ArtLung, blog of Joe Crawford [January 2008]

Year of the Rat 2008 Feb 03

It’s Super Bowl Sunday. I don’t care, for despite going to the games of my boys I don’t follow it. I do have an interest in the commercials that come out, the internet can provide that to me now (see Mahalo) (Thanks Jason Calacanis)

But that’s not really what I want to write about this afternoon. What I want, maybe need, to write about is the rat that I killed this morning.

I’ve of course covered my fights with Order Rodentia, but while in the past I have only had to deal with the genus Mus, today I had to deal with the genus Rattus.

A week ago I was up really early, not feeling too well — I was up at about 5am when I saw a small rodent visitor in the kitchen. I made a halfhearted effort to catch it, but they’re fast and what kind of hope did I have of catching a rodent with a heavy Ajax technical book? None. A the time I saw him or her, he or she darted so fast I was not really sure what it was. I told Leah that I thought it was a mouse, but larger. I hesitantly told her my suspicion that it might be a rat, but how could it be? It didn’t seem of the right size to really be a rat, but then I was a poor judge of the size. Something common to today and that day was that it was raining quite hard each time.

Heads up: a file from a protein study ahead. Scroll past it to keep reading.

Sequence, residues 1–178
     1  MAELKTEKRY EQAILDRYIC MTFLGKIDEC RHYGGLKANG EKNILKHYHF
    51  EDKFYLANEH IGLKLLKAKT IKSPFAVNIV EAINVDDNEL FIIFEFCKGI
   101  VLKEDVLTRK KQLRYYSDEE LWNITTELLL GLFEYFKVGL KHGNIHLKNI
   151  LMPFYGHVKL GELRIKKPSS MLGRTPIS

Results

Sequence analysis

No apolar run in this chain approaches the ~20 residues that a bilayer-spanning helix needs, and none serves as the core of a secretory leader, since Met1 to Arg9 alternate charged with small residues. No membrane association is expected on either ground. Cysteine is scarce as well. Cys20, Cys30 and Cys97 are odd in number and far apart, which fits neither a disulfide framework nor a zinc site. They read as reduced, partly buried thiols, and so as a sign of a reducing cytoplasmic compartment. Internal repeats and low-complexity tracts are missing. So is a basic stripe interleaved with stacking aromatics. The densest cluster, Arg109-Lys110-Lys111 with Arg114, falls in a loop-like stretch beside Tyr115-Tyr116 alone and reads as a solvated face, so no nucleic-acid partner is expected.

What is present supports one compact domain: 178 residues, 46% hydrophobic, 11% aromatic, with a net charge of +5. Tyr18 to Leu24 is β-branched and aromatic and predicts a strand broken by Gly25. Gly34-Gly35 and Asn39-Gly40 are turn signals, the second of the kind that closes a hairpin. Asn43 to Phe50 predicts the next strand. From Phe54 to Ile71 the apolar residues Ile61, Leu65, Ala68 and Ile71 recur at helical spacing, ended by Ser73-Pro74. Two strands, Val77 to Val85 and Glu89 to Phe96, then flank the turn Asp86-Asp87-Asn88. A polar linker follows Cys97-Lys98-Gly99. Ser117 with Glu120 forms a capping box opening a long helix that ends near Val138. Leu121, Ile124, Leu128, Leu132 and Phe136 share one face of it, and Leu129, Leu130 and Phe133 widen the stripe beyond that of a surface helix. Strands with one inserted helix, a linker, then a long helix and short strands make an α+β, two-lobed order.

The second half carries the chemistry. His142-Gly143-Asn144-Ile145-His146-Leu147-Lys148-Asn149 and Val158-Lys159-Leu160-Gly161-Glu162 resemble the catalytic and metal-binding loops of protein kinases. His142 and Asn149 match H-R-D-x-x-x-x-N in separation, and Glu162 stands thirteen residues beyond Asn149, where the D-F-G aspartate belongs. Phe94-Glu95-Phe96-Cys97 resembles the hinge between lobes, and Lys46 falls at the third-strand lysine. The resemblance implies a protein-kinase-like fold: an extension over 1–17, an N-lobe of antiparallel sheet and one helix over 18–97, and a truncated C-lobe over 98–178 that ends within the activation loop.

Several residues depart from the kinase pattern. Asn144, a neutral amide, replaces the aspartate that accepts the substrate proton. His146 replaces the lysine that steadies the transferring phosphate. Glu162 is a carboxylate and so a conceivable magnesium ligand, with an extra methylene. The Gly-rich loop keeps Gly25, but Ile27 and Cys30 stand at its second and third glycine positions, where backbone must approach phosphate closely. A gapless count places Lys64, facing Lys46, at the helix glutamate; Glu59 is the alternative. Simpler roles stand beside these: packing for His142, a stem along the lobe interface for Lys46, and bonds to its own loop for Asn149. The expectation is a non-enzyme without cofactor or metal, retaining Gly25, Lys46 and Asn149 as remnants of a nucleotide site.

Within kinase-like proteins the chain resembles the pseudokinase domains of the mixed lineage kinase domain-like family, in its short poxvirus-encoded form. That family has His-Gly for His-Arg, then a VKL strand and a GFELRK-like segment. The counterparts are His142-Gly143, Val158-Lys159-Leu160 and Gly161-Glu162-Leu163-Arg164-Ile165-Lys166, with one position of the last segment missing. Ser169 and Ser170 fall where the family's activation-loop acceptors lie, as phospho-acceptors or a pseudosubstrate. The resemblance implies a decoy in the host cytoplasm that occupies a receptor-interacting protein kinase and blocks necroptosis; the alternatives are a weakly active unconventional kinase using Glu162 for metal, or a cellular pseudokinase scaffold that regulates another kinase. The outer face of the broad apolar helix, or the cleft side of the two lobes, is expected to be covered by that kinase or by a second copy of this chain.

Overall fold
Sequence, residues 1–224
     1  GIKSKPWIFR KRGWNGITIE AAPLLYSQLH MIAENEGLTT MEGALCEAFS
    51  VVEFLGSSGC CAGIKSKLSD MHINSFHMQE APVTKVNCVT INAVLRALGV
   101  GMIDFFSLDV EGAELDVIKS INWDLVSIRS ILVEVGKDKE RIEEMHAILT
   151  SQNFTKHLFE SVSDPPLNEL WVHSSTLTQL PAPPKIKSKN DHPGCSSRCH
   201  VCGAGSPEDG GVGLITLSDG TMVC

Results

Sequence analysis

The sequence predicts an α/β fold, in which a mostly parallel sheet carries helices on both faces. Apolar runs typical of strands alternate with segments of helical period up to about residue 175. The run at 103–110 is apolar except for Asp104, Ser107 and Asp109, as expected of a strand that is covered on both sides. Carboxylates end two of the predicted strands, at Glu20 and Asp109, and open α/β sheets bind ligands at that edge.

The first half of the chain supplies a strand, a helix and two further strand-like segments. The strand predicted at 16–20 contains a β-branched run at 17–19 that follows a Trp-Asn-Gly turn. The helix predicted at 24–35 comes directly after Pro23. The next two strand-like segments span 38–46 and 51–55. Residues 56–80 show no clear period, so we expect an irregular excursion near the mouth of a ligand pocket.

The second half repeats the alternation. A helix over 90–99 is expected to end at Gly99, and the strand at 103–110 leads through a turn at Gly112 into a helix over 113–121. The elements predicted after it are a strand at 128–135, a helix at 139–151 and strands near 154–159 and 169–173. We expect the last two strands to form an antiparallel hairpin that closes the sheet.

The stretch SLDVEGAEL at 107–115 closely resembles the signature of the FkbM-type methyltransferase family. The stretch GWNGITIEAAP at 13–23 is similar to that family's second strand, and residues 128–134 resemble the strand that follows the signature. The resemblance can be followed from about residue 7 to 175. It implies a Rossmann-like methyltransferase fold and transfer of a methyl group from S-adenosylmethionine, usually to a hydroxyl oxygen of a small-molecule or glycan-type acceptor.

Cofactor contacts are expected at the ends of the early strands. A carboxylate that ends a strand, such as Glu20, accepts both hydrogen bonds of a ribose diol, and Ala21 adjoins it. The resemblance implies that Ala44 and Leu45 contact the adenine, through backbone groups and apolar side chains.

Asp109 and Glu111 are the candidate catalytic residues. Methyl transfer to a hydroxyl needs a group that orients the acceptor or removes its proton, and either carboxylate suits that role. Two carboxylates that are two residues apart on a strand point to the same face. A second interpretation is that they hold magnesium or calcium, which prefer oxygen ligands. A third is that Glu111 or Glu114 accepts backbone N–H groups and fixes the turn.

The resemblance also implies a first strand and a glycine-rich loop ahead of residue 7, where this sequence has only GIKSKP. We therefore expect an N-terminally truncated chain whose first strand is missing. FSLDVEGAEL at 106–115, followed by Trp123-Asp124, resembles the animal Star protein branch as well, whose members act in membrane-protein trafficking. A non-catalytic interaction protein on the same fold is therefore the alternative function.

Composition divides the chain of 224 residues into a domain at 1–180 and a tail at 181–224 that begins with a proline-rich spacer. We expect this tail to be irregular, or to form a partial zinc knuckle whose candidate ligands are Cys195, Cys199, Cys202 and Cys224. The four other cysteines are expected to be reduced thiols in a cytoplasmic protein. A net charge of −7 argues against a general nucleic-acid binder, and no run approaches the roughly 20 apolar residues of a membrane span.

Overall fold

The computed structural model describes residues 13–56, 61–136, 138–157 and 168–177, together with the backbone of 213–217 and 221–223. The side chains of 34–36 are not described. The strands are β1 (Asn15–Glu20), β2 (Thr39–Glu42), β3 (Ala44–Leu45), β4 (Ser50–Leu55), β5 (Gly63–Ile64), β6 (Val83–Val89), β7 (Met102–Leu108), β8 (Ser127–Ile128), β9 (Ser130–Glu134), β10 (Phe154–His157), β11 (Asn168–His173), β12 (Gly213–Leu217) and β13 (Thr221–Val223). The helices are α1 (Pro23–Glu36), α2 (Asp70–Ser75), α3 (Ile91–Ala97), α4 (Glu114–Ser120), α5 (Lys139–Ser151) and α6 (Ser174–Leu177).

The one bit of knowledge I had was that it was coming out from underneath the dishwasher. So that day I purchased large “tray” type glue traps, as well as some smaller mouse glue traps. Since I knew that it was coming from under the dishwasher I could simply place it under the front of the dishwasher, away from easily getting stepped on by people or by our bird, and maybe make a kill.